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    McLaren’s 720S is a glorious nerd-built supercar

    Beauty and brains.
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    While cars are technological wonders, it's not very often that automakers tout the nerdiness of any single feature. McLaren is not your typical automaker, and it proudly notes that the Proactive Chassis Control II suspension system was part of a five-year Ph.D. course at Cambridge University. Whatever those nerds were doing during that time, it worked.

    Gallery: McLaren 720S | 17 Photos

    That suspension system sits in McLaren's 720S supercar (starting at $288,845). A vehicle that'll take you from zero to 60 in a passenger-yelping 2.7 seconds. It's quick, handles superbly (thanks to that Cambridge course) and looks outstanding. In fact, my only real disappointment behind the wheel of the 720S was that I was trapped on public roads.

    When you drive a car that's built by a company that's firmly rooted in Formula One racing, you expect something special. The 720S easily serves up a driving experience that matches the sleek exterior of the vehicle. During the few times I was able to find a patch of open road and unleash the twin-turbo 4.0 liter V8, the 710-horsepower and 568 foot-pounds of torque planted me firmly into my seat.

    For a rear-wheel-drive car (which are prone to oversteering), the 720S did an outstanding job sticking to the asphalt of the plethora of cloverleaf on and off-ramps I encountered. I happily returned to those tight turns over and over again to try and unseat the vehicle's ability to keep its tires planted to the ground. Alas, all that Cambridge research made sure I never broke free of the road.

    McLaren 720S

    When not circling back to the two good corners I found, I spent a lot of time on surface streets in Comfort mode. The 720S ships with three self-explanatory modes: Comfort, Sport and Track. Comfort softens up the ride while dialing back the throttle response. Sport opened up the magic of the vehicle for freeway driving (when not trapped in Los Angeles gridlock).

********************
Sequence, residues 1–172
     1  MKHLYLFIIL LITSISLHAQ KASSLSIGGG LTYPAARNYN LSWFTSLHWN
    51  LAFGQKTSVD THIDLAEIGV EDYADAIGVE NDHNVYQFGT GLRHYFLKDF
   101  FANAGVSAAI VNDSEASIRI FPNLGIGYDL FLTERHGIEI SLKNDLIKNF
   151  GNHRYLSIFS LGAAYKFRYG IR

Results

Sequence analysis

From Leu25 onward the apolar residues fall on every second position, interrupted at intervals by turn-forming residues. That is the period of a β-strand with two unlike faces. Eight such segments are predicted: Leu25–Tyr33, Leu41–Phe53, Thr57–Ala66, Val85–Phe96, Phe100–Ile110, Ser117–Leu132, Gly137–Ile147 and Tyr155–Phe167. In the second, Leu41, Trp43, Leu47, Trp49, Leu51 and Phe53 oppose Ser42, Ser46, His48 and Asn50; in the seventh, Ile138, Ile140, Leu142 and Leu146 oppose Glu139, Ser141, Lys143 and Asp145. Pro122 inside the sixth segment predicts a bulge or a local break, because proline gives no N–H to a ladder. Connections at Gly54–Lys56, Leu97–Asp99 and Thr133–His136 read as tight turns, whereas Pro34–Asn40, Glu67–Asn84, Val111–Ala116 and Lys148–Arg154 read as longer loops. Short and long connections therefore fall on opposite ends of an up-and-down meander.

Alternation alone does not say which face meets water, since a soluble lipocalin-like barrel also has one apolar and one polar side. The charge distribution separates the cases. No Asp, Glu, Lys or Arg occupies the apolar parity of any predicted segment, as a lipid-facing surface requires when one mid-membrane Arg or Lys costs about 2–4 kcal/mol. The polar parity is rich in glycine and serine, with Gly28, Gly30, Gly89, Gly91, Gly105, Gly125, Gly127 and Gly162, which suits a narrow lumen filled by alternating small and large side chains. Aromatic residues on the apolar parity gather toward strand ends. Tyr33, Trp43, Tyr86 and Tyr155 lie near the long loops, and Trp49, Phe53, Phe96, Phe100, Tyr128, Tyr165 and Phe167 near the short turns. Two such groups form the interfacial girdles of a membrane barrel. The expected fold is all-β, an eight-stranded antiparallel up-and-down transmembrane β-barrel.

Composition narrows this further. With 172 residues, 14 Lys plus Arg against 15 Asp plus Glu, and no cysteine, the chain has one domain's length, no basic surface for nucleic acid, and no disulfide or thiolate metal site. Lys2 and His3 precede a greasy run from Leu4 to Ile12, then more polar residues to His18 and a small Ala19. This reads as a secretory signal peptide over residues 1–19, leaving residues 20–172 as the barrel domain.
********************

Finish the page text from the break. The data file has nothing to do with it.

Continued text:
The modes are available for both handling and power and are independent of each other. So I could be in Sport power mode while also in Comfort suspension mode. That's not a feature that's exclusive to the McLaren, lots of cars do this now. What is nice is that the modes are available via two physical knobs on the dashboard. This ensures quick access, which when you're dealing with a car like this, you really want. Just reach over and twist.

    Sadly, I never got to experience the full breadth of Track mode. Other than a few moments on the freeway, setting the 720S up to demolish a circuit while on the 405 freeway seemed a bit unwise. I definitely never turned on the Variable Drift Control feature. This gives drivers control over the stability control so you can adjust how easy it is to get the rear-end to break free and live out your Fast and the Furious dreams. Not something the highway patrol would be cool with me testing on open roads.

    The inside and design of the vehicle was easier to evaluate.

    McLaren 720S

    The exterior is just simply beautiful. It's a wonderful orchestra of lines and ports, all designed to make the vehicle slice through the atmosphere. A gap in the door (that you can stick your entire arm in), pushes air around the vehicle, reducing drag while creating a nice clean surface for the outside world to see. On first glance, the design of the 720S resembles a slightly cresting wave. Then as you get closer you see it's multiple swells working together. Even while stationary it seems to be gently moving forward.

    The 720S seems light and tossable, and, thanks to the Carbon Fibre Monocage II borrowed from the P1 hypercar, it actually is.

    The thing is, the McLaren is a road-eating machine that's happier on the backroads of your local mountain pass than cruising the highways of the greater Los Angeles area. The automaker tossing me the keys to the Performance version with carbon fiber racing seats only made me wish I had some time outside the metropolitan area.

    The Luxury version with its more civilized heated and electric sports seats might have made me feel less like a man tying a wild animal to a stake so people could come up to it and take pictures. Like the BMW i8, it's an Instagram magnet. But I doubt if even the amenities of a slightly tamer 720S would have made me feel like I was wasting an excellent car driving beside SUVs and sedans.

    McLaren 720S

    Beyond all the performance tech, the 720S does have an infotainment system, but it's pretty bare bones. It's really just media, navigation and adjusting the Variable Drift Control. The climate controls are also there and were the standout feature of the infotainment system. It works, but it's quickly overshadowed by absolutely everything else in the car.

    At $288,000 the McLaren 720S is out of the reach of pretty much everyone. For those lucky enough to have a chance to get behind the wheel, it's an absolute blast even when it's constrained by the realities of city driving. The bonus is that it looks beautiful, and even though the doors that swing up do make you feel a bit self-conscious when you pull up to a restaurant, you're more likely to get compliments about the grace of the vehicle than sneers from folks who find the doors ostentatious. It's tasteful, fast and, thanks to those folks at Cambridge, a bit nerdy which is why I adore it.

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